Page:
Singapore and Malaysia announced plans Tuesday to build a high-speed rail link, fuelling hopes that Southeast Asia could one day enjoy a rapid European-style train system connected to China.
Prime Minister Lee Hsien Loong and his Malaysian counterpart Najib Razak hailed the project, which would cut travel time between the city-state and Kuala Lumpur to 90 minutes. The target year for completion is 2020.
"This is a strategic development in bilateral relations that will dramatically improve the connectivity between Malaysia and Singapore," the leaders said in a joint statement issued after meeting in Singapore.
"It will facilitate seamless travel between Kuala Lumpur and Singapore, enhance business linkages and bring the peoples of Malaysia and Singapore closer together."
The existing rail link between the two countries dates back to the period of British colonial rule over both, with stops at several Malaysian towns.
No cost was given for the new rail link.
"(We) have some very preliminary figures but I am not inclined to mention those figures because it will tend to stick in people's minds," Najib said at a joint news conference with Lee.
"Our two cities will complement each other, our two countries will look at each other differently and the opportunities are boundless between our two countries," Najib said.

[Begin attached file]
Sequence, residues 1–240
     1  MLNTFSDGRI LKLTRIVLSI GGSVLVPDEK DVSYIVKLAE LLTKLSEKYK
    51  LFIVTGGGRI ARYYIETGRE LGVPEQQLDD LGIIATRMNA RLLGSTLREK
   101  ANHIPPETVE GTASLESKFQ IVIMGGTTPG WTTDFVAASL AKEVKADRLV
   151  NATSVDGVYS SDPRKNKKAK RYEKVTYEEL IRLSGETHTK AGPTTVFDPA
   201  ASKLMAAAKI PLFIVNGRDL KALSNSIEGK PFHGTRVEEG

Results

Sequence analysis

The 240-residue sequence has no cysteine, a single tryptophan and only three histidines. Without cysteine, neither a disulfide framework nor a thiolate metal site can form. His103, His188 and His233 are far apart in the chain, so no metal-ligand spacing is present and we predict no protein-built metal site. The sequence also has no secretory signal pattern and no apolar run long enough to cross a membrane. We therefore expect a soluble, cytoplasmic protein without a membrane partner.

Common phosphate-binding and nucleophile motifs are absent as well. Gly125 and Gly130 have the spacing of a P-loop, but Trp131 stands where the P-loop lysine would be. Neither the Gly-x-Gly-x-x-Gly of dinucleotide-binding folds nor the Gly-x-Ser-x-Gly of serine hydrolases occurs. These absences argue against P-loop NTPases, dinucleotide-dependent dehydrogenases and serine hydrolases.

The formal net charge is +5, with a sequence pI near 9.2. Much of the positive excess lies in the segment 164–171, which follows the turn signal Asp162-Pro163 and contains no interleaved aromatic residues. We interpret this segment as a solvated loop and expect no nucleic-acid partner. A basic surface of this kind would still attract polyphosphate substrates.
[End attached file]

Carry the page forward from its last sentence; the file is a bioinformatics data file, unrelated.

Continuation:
Lee quipped that Singaporeans would be able to have lunch with friends in Kuala Lumpur and get back within the day.
The 90 minute travel time for the train compares with four hours by car, including immigration clearances, and five hours by bus. And while a flight takes less than an hour that does not take into account the time taken to check in, pass immigration and pick up luggage.
"It's a strategic project for the two countries. It will change the way we see each other," said Lee, likening it to the heavily used London-Paris connection.
Both countries belong to the 10-member Association of Southeast Asian Nations (ASEAN), which hopes to one day link most of the member states by rail and extend the connection to China and possibly India.
ASEAN is contemplating a link that will run from Singapore to Kunming in southwestern China.
According to ASEAN's website, there is an estimated 4,069 kilometres (2,522 miles) of missing links that need to be built, or existing railways that need to be rehabilitated, in several countries.
"Beyond ASEAN, once these links are built, it will connect both the mainland ASEAN and ASEAN with its trading partners China and India," a fact sheet on the project said.
The Singapore-Malaysia high-speed rail link was first mooted in the 1990s by Francis Yeoh, head of Malaysian infrastructure conglomerate YTL, which built an express train service from the Kuala Lumpur International Airport to the capital's downtown area.
The idea was repeatedly shelved largely due to cost concerns. Malaysian media reports said in 2009 that the project's cost was estimated at $2.5 billion-$3.5 billion.
Hopes for the project were revived in 2010 when it was tapped as a potential key project under an economic transformation drive launched by Najib, who became prime minister the year before.